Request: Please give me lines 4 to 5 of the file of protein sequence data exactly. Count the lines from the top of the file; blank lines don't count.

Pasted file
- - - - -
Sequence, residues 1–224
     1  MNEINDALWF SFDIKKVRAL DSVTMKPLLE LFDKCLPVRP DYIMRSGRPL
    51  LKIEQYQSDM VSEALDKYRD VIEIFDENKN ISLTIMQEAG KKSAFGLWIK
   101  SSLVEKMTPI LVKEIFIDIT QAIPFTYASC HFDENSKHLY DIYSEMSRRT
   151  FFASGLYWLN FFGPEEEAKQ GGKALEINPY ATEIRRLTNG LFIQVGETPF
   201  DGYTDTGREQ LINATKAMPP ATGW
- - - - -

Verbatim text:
   101  SSLVEKMTPI LVKEIFIDIT QAIPFTYASC HFDENSKHLY DIYSEMSRRT
   151  FFASGLYWLN FFGPEEEAKQ GGKALEINPY ATEIRRLTNG LFIQVGETPF